Many bylaw cases avoidable

“There’s always something.”
The phrase has become a mantra for Jessica Harknett as she drives Car 115 slowly through the residential streets of Abbotsford.

Jessica Harknett prepares to get on the road

Jessica Harknett prepares to get on the road

“There’s always something.”

The phrase has become a mantra for Jessica Harknett as she drives Car 115 slowly through the residential streets of Abbotsford.

While others may look out the window and see kids playing and houses pass by, Harknett has a different view of her surroundings.

“Hydrant,” she says, pulling over and grabbing her metal clipboard.

Indeed, there is a fire hydrant, with a car parked far too close to it.

“Excuse me,” she says, hailing a gentleman working on his lawn. “Is that your car?”

It’s his daughter’s.

“Can you move it?”

Taking note of her blue uniform, the man complies and Harknett drives off.

“We are considered the bad guys because we give out tickets. But usually it’s about safety concerns,” she says.

This time, a verbal warning sufficed. Next time, it may be different. The public can be confrontational.

Harknett is a bylaw enforcement officer with the City of Abbotsford – one of six charged with enforcing city regulations and ensuring that 135,000 citizens comply.

She’s been working as a bylaw enforcement officer since 2005, but her career with the city dates back to 1999 when she started in the parks and recreation department. In 2002, she applied for a clerk’s job in bylaw enforcement before being promoted to officer status three years later.

In the past six years, she has handled more than 2,000 files, and on average has 50 to 60 open cases.

On this day, the afternoon is relatively quiet. There are eight complaints to investigate, plus general surveillance.

The first task is a quick drive by an abandoned house. The city has ordered it to be demolished and Harknett needs to know if it’s still boarded up or already torn down.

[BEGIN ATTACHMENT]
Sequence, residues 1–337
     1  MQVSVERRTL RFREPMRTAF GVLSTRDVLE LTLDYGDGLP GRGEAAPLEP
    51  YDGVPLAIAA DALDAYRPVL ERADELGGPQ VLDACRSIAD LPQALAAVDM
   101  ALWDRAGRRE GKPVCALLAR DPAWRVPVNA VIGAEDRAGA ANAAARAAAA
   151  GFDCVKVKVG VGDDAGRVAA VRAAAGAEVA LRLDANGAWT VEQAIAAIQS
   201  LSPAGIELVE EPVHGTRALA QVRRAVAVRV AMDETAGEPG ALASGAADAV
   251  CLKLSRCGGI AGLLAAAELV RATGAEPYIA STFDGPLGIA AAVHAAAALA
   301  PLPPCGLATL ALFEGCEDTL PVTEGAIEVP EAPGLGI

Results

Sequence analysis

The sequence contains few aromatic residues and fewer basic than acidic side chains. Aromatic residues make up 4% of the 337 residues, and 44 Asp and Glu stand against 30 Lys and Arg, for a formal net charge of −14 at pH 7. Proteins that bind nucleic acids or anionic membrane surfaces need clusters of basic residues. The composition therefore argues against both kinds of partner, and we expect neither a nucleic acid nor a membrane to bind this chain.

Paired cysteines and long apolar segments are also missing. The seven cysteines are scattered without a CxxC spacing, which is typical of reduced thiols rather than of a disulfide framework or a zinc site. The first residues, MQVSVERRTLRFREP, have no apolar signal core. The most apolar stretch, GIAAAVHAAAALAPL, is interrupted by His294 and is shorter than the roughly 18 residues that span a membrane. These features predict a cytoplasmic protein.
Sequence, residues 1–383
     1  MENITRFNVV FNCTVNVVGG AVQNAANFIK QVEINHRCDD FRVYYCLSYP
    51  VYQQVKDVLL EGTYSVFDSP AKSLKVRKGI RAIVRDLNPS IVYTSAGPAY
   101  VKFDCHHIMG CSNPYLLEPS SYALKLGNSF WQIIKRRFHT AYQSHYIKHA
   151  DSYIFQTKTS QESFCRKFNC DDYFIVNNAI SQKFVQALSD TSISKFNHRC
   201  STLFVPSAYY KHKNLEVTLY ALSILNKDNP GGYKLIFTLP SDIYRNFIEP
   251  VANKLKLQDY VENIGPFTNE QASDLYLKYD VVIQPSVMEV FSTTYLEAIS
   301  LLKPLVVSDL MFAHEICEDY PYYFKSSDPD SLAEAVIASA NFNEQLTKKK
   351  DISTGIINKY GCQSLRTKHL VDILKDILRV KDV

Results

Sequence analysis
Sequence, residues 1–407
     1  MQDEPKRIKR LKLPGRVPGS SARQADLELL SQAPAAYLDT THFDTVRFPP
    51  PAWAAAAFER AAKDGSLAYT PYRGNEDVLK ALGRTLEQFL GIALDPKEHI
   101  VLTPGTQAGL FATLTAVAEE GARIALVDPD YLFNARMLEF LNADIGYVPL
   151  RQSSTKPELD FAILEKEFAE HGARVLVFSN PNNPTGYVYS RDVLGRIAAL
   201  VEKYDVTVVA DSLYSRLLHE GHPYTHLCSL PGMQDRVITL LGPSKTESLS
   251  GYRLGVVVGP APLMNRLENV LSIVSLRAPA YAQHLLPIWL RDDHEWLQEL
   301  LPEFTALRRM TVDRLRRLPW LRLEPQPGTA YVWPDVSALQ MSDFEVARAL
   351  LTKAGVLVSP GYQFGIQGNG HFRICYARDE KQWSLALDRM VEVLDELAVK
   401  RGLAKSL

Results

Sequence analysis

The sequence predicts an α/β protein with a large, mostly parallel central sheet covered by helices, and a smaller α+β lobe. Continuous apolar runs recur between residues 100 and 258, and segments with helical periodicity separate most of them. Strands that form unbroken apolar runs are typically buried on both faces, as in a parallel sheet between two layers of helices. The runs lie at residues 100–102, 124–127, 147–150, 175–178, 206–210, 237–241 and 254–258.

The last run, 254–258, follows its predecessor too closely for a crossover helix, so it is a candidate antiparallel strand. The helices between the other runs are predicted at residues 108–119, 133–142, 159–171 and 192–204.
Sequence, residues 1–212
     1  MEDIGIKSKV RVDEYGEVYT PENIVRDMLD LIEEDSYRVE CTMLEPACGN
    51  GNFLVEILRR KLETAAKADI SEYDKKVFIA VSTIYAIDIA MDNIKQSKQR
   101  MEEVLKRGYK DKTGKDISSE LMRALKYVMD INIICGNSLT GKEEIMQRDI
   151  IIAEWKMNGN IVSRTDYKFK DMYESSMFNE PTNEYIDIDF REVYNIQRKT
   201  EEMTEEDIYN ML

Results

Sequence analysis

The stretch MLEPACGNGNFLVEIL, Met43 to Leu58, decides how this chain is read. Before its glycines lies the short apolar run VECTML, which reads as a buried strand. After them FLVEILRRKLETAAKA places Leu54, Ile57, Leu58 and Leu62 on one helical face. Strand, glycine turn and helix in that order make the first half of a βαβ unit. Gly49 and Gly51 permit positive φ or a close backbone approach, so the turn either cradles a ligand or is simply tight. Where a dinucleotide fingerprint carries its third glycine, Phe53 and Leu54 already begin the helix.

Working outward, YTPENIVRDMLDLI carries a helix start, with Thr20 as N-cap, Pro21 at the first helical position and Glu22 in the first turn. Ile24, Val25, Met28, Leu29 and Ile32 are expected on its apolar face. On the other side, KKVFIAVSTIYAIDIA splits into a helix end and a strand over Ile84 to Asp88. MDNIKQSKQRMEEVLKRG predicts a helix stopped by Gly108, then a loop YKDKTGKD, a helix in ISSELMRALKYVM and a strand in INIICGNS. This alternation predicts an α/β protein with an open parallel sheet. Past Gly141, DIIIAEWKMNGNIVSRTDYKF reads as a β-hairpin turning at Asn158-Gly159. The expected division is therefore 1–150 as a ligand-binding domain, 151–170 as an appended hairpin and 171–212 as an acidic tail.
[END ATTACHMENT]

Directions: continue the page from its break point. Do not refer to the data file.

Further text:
The house appears to be secured, but the file will remain open until it comes down.

She’ll have to keep checking.

Stop two is a new file – a long grass complaint. It doesn’t take long to confirm the complaint is justified. The grass and the dandelions are over 10 inches high – not a good look for a residential neighbourhood.

As with most complaints, there’s a simple reason. Harknett discovers the owners are away and the children are being watched by their grandfather. She talks briefly with the man and by the time she drives away, one of the kids is already pushing a lawn mower towards the yard.

“Neighbours just don’t talk to each other anymore,” she says, adding the issue could have been resolved without contacting the bylaw department.

“That was an easy one.”

It’s not always so. Knocking on a strange door can always be a risk, and Harknett has little to protect herself.

She has a cellphone, a radio to contact the police, a clipboard, camera and not much else.

The clipboard comes in handy.

“I was told to hold it out in front of me if a dog comes at me.”

But there is a more effective tool for dealing with people.

“Our communication skills are our greatest asset.”

Her job is to both enforce the bylaws and keep people’s tempers in check.

“There’s a lot of verbal abuse – you have to have a tough skin … it’s got nothing to do with me, they don’t even know me. I just let people vent.”

But there are occasions when verbal skills aren’t enough.

She recalls one incident when she and a fellow bylaw officer visited a home.

“As soon as the door opened, a man charged out and shoved me and then tried to hit the other officer … you never know what’s going to happen.”

Once he realized they weren’t police officers, he calmed down and went inside. The police, however, arrived shortly after.

It’s just one of the risks of her job – something she and her husband Rick have learned to deal with.